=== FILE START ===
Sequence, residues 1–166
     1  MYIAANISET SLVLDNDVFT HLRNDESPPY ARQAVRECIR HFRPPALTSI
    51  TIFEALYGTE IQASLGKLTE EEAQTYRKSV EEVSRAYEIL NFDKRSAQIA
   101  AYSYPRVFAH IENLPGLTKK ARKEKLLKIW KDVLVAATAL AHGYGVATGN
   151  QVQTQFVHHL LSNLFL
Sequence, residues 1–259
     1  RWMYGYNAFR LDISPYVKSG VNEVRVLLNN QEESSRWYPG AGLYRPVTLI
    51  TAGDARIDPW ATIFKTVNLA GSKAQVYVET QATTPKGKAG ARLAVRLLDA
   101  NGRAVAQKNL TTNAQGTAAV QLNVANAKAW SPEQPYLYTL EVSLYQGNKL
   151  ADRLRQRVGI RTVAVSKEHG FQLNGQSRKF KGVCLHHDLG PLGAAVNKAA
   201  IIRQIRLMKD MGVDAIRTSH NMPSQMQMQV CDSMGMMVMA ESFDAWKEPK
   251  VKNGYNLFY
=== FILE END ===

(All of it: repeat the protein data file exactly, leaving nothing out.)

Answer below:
Sequence, residues 1–166
     1  MYIAANISET SLVLDNDVFT HLRNDESPPY ARQAVRECIR HFRPPALTSI
    51  TIFEALYGTE IQASLGKLTE EEAQTYRKSV EEVSRAYEIL NFDKRSAQIA
   101  AYSYPRVFAH IENLPGLTKK ARKEKLLKIW KDVLVAATAL AHGYGVATGN
   151  QVQTQFVHHL LSNLFL
Sequence, residues 1–259
     1  RWMYGYNAFR LDISPYVKSG VNEVRVLLNN QEESSRWYPG AGLYRPVTLI
    51  TAGDARIDPW ATIFKTVNLA GSKAQVYVET QATTPKGKAG ARLAVRLLDA
   101  NGRAVAQKNL TTNAQGTAAV QLNVANAKAW SPEQPYLYTL EVSLYQGNKL
   151  ADRLRQRVGI RTVAVSKEHG FQLNGQSRKF KGVCLHHDLG PLGAAVNKAA
   201  IIRQIRLMKD MGVDAIRTSH NMPSQMQMQV CDSMGMMVMA ESFDAWKEPK
   251  VKNGYNLFY